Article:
The Politics of Food

Over in Canada we’ve had a deadly outbreak of listeriosis which has triggered a massive meat recall of food processed at a Maple Leaf Foods plant in Ontario. As of Tuesday, there were 29 confirmed cases of listeriosis across Canada, according to the Public Health Agency of Canada, and up to six deaths as a result.

In this day and age of blaming others I did appreciate that the head of the company today took responsibility for it and said the buck stopped at his desk. He wasn’t shifting the responsibility to others.

And that’s how they should have responded to this tragic event.

But it makes me think how much trust is built into the food systems here in Canada at least. We trust that when we go to the stores and get some food, that the food will at best, be good for us, and at least not kill us.

I wonder if we trust too easily.

Not that any company would have it in them to deliberately kill off their customers, but where is the line that is drawn over foods imported cheaply from China or India or other points east? What was growing in the fields before those crops were grown? What was used on them or in them to make them look good and edible?

Or even “local” foods, and by local I mean in this country. Do we know their origin or quality?

This food we put into our bodies in some amazing way actually becomes a part of us. It turns into who we are, physically. And that to me is really amazing, that we eat things that help us to grow certain ways physically at least and probably emotionally or intellectually too.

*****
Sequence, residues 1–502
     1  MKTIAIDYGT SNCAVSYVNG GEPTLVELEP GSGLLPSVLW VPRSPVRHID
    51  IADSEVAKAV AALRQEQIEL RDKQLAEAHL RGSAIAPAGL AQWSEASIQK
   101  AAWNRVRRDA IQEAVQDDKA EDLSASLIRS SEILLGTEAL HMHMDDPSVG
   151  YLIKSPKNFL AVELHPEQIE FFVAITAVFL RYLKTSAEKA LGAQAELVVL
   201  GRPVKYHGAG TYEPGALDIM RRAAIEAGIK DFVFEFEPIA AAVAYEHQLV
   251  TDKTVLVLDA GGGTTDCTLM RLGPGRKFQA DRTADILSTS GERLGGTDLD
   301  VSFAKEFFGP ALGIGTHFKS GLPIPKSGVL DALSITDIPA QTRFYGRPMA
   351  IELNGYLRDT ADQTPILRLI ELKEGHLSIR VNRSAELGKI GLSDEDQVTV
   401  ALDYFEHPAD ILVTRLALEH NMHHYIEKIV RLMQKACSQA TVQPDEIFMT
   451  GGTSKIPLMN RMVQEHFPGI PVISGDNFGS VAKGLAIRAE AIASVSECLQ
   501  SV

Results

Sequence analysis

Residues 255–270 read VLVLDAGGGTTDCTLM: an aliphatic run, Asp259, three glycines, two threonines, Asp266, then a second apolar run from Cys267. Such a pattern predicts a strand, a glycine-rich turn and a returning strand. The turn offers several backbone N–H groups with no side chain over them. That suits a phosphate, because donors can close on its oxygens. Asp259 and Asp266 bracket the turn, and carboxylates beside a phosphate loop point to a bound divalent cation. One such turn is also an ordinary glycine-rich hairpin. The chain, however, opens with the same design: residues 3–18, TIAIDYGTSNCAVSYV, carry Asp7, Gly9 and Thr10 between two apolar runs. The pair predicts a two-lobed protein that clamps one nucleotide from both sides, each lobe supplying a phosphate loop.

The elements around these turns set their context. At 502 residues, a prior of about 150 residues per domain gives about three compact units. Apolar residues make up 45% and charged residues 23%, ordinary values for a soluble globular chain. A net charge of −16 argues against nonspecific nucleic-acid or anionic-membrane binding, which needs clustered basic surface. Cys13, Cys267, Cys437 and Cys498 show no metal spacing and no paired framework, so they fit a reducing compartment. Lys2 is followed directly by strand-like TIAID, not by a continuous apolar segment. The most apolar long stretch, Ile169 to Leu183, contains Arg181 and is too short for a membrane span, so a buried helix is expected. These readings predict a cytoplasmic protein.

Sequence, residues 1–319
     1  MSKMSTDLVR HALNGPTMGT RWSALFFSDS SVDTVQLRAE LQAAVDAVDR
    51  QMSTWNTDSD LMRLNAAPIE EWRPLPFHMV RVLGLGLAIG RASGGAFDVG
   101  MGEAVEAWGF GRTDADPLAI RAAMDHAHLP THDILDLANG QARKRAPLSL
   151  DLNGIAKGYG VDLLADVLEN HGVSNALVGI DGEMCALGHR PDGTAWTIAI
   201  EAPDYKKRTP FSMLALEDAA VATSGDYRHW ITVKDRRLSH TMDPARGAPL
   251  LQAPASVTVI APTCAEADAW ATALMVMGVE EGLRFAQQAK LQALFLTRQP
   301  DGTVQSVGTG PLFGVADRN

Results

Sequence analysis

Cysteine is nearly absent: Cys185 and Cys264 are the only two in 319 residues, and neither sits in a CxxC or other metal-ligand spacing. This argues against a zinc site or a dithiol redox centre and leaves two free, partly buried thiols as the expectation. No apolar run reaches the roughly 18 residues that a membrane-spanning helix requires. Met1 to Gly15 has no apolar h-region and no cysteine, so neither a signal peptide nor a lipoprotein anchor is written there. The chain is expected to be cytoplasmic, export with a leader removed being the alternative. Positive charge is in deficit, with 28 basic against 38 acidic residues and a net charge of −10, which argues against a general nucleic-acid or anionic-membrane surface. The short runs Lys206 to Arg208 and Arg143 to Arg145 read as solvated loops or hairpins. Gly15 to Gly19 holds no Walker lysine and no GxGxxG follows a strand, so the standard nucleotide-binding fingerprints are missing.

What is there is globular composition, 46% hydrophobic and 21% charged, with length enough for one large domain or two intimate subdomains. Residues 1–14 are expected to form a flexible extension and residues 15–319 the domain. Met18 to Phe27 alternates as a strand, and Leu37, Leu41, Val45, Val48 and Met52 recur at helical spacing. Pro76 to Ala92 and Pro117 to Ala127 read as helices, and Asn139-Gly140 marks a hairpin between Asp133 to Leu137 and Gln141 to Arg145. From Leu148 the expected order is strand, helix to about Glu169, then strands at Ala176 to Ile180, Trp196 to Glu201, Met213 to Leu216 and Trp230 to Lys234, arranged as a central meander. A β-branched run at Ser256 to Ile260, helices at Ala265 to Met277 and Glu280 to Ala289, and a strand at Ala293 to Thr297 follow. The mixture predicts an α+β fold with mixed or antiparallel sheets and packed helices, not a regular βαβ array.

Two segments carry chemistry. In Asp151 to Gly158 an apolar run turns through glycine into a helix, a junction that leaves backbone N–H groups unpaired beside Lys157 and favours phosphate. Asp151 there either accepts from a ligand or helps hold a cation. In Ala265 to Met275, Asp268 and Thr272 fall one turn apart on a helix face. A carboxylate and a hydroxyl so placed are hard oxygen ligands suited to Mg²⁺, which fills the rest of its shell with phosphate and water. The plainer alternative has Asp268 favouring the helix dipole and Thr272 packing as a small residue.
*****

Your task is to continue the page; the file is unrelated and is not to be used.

So why on earth are we not more careful with what we consume?

Many of us choose the cheap over the more costly choices. Many of us, either because we are cheap or because we are poor, go with the foods that are less expensive, and often those foods come from places around the world that we have no power to know how they are grown.

We shop at discount places and get five cans of peaches for $2.00 Woo Hoo, and we consume away.

Even our choice of potato in the local store comes down to trusting the store and shipper and the farmer, for my well being.

 

A friend dropped off some large brown beautiful eggs a while back and I made an amazing fried egg that was so unlike what the regular white bulk eggs we normally get are like, that it gave me pause. How many other things have I gotten used to, because I don’t have access to better quality items, or I choose cheap. (Or should I say, cheep.)

I think the Europeans, or at least the Brits are further ahead of us on this. You can plunk down a little more cash there for free-range birds or eggs, and yes the food may cost a little more but there are standards of acceptance that you can at least be aware of, as a consumer.

I’m getting to the age where I can’t just shove whatever I have handy, down my gullet and call er a day. I am more and more making choices about these things, because I know that my body is a part of who I am and I am made up of what I put in my mouth. I can’t afford to put stuff in there just because it looks nice or smells great. I need to take more time to eat in ways that are a help to me, and cause me to be a better person.